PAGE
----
Before Meryl was a Hodson, she was a Macintosh, a seventeen year old girl traveling by boat from Paisley, Scotland to Hamilton, Ontario. While working her job at the ticket counter of a theatre, Ron Hodson was taking another girl on a date to the movies, whom he walked home after seeing the cute Scottish girl behind the booth. The decision to wait for the unknown girl to get off shift, ultimately led to their marriage, the birth of six children, fourteen grandchildren, and seven great grandchildren.
Just as her grandmother did for her, my grandmother ignited a love of fabric, quality and fashion within me. I remember the first time I tried on my mother's wedding dress, featuring a forty foot train, which my seamstress of a grandmother made herself. I was completely in awe. And utterly confused by the shoulder pads. Subconsciously, I believe she had the biggest influence on me following my dreams of being a fashion student. To the extent that I spent 16 hours sitting in front of the sewing machine she gifted my mother while completing my Ryerson portfolio.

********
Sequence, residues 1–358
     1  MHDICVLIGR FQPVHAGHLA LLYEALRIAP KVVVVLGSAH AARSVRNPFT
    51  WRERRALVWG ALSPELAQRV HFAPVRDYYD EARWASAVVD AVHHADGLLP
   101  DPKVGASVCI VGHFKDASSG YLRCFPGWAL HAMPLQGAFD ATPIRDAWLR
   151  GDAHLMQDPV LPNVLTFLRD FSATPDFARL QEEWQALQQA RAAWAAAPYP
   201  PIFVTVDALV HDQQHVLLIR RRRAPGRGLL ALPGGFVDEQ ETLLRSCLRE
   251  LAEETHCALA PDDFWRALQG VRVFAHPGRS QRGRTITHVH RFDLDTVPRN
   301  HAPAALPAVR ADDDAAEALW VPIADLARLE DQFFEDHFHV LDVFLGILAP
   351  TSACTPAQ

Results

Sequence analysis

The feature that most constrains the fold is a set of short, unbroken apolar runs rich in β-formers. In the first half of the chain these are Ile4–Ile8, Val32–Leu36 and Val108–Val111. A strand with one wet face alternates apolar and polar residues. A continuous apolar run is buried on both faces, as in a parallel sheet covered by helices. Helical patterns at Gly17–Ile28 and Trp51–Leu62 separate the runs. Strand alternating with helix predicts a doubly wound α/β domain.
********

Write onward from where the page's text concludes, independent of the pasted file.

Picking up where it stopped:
I made the decision in 2017 to no longer buy fast fashion, for the sake of the environment, society and my conscience. I am an avid thrifter, but there are limitations, and I often questioned if it was too hard to deny the accessibility of on trend pieces at the Eaton Centre. Until my grandmother gifted me four garbage bags of clothing. Three piece suits. Mules. Silk blouses. I was in vintage heaven. The feeling of stepping into a pair of 100% cotton dress pants, with an inner silk lining, is unattainable from any fashion retailer currently dominating the market. So, RAD Magazine decided it was time to highlight the Gram-Me-Downs, and recommend going through your own Grandparents clothing archives. You never know what you will find.
Written by: Maxine McCarthy
Styled by: Maxine McCarthy & Connor Garel
Video by: Connor Garel